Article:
When I went to the checkpoint, I explained that I suffer from rheumatism, especially in my knees. It’s difficult to move, and I shouldn’t be living in a military zone.

But they refused to let me leave without paying, which made me resent this criminal, inhumane regime even more. It’s the reason I’m still inside Barzeh, living in the shadow of bombs and death.

I used to follow Palestine on the news and be moved with sorrow. But there’s no comparison with what the regime is doing to us now. Even Israel didn’t treat the Palestinians in Gaza this way.

The regime displaced us and tore apart our families. May God deprive them of any blessing.

Q: Where are you staying in Barzeh?

Right now we’re staying in a mosque, just waiting to die. Residents are donating food, but it neither nourishes nor satisfies our hunger.

[Ed.: Umm Mohannad is quoting Surat al-Ghashiya, verse 7 in the Quran, which reads: “Which will neither nourish nor satisfy hunger.”]

We live with other displaced families from al-Qaboun. Each family receives a plate of cooked food, but they have to split 2kg of bread with five other families. My daughter and I don’t eat too much of the food since we want to save it for the girls.

In addition to the food scarcity, missiles are being dropped on Barzeh 24/7. The bombing is terrifying my grandchildren. How long will things stay like this?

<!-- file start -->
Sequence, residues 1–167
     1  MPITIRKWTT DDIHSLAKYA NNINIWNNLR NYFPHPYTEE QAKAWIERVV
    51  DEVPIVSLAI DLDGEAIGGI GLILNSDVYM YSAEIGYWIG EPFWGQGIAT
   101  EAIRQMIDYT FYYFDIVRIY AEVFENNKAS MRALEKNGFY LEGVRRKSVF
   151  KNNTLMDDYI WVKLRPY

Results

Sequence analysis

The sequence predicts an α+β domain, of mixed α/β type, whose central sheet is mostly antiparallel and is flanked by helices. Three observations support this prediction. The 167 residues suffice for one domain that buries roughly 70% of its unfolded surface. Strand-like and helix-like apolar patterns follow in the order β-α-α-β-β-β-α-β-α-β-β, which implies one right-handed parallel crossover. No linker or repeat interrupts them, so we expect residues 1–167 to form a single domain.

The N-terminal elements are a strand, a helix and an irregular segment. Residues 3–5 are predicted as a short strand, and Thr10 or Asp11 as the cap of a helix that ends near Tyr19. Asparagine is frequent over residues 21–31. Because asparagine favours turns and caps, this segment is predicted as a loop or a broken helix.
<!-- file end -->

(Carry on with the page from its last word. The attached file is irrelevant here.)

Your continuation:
Regime forces surround Barzeh, and they’re not letting us leave. It’s as though they want to annihilate us all. Right now, our lives consist of bombing, hunger and thirst. We don’t have the most basic necessities.

The government doesn’t distinguish between civilians or fighters—it loathes everyone in opposition areas.

Q: In late February, ceasefire talks between the regime and rebels in al-Qaboun came to a halt, opposition media reported. Do you support a ceasefire with the regime?

After I witnessed the filthy behavior of checkpoint officials and after seeing the regime indiscriminately bomb things—people, trees and even stones—I became convinced that we must fight this government to the very end.

We can’t live under the rule of this dirty regime. It’ll kill us, even if we reconcile with it. Our lives won’t get better, the regime will oppress us even more—this is what’s happening in the towns that reconciled with the government.

In addition, post-reconciliation, the army is putting our men on the front lines to kill their brothers in opposition areas. I’m afraid that this will happen to my son in the future—if he’s even alive, that is.

Q: Do you expect to return to al-Qaboun in the future?

God permitting, we will return. I’m putting all of my hope in God to free al-Qaboun and deliver us from the tyrannical rule that denied every person in every corner of this country the joy of living.

Alaa Nassar

Alaa was forced to flee Damascus with her family because of the pressure from the Syrian regime in 2013. She was a student of Arabic Language & Literature at the University of Damascus. She came to Syria Direct because she hopes to find a new direction in her life and to show the world what is happening in her country.

Ruwaida Jamal

Ruwaida studied Law at Damascus University and was a practicing lawyer in Syria before moving to Jordan in 2013. Ruwaida joined Syria Direct to shed light on the humanitarian situation in her country.

Jessica Page, Reporter/Translator

Jessica was a 2013-2014 Georgetown University Qatar Scholarship Program fellow in Doha, Qatar. She received her BA in both Arabic and International & Area Studies from Washington University in St. Louis. She has worked and studied in Jordan, Oman, and Qatar.